In an effort to help students “understand the psychological impact of slavery on Africans brought over to this country”, Eighth grade history teachers at Whitney High School in Cerritos, California decided to put their students through a little “simulation”.

You can see where this is going.

Ahead of the “unique classroom activity”, history teacher Kevin Harp, sent an email alerting parents that their children would be pretending to be slaves, while teachers “acted as slave ship captains”. The email goes on to say that students will be lined up, have their wrists tied, be told to lay on the ground, and played a clip from Roots.

“The idea is for them to be uncomfortable, to feel mistreated, like a piece of property.”

Harp asks that parents who are uncomfortable with the concept reply to the email so they can have any questions answered and be reassured. The email ends with a plea to parents to “NOT TELL YOUR CHILD ABOUT THIS”, as the activity would be most powerful if the students are surprised.

Shardé Carrington, an African-American woman, with one of the few African-American students at Whitney High School, took exception to the “surprise activity” in an email response to the teacher. In a public Facebook post, Carrington shares the original email she received as well as her response, highlighting her issues with the exercise.

“You cannot sum up the experience of slavery with duct tape and a movie clip.”

In her response, Carrington challenges the educator’s promise that students will not be “phyiscally or emotionally harmed”, pointing out that they cannot predict how each student will react to such a graphic exercise. She goes on to highlight an issue the teachers seemed to ignore, the separate impact such an activity would have on black students: “they in particular are vulnerable to deep emotional reactions to reenacting the trauma and cruelty inflicted upon their ancestors”.

In a comment to Citizen Ed, Shardé Carrington shared: “because my son is Black, I was concerned that participating in said exercise would cause him traumatic feelings.” Noting that he is the only Black student in his history class.

Less than two percent of the over 1,000, students at Whitney High School are Black, with a majority of Asian students.

Ms. Carrington’s response was passed along to the principal and head of the social studies department, but the response she received left her less than reassured.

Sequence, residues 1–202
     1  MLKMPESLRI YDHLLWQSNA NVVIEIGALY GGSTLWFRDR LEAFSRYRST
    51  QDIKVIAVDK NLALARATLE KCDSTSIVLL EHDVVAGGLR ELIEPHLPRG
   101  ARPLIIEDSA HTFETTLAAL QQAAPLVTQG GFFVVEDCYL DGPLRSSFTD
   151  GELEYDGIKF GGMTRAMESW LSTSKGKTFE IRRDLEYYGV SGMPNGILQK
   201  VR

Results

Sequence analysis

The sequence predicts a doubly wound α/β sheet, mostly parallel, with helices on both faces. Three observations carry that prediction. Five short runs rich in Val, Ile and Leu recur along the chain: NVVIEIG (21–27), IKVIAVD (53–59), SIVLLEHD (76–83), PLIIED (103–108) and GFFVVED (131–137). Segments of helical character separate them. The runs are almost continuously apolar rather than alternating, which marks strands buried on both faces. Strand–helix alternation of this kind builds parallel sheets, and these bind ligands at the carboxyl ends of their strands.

In department chair Derek Jean’s responding email, he tells Ms. Carrington that he personally brought the activity to the high school over 10 years ago, and that it has received “almost universal appreciation”. He goes on to tell Carrington that he agrees that being Black is America is difficult “for reasons it shouldn’t be” but he “respectfully submit(s) that this assignment is designed to immerse a student population that is not majority black, into the harrowing world that your ancestors suffered through.”

If she just read the essays that students write after the activity, she would understand it’s value, the department chair tells Ms. Carrington. In her facebook post, Carrington says the department chair “mansplains” and ignores her critical points, while basically saying the show must go on. She asks for her followers opinion on the matter, noting that everyone she has consulted with shares her point of view that the concept is demeaning, insensitive and all-around wrong.

What do you think?

(NOTE: At the time of this posting, representatives at Whitney High School have not yet responded to a request for comments on the situation)




Josh Stewart considers himself a global citizen first and foremost and is passionate about cultural exchange. He has a B.s. in Political Science and Hispanic Studies from St. John's University in Minnesota and experience as both an ESL and social studies teacher in Korea and the Philippines. He currently works a digital content Manager for Citizen Education and Education Post and enjoys both traditional and creative methods crafting messages around the desperate need to improve our education system and provide quality options to the most marginalized students and families.


  1. Perhaps not taping kids together, just having them lie side by side in the dark while the film plays would give them an idea without the ” confinement “.

  2. I travel with students who experienced this at a museum in Alabama. It was traumatic. My niece who was 12 learned a great deal about her history. She is very strong and independent and a sophomore in college today and very mature for her age. I am not sure how it would impact a black student in a mostly white class of students. I would try to prepare my child for this experience before this activity took place.

  3. This has been happening for 10 years! WHY???!!!! Play more than “a clip” from Roots for the students. View the entire mini-series. Then discuss the ways ancestors of the students came to this country for comparison. My child would NOT participate in this “lesson” as it is described. No. No. NO!!!!


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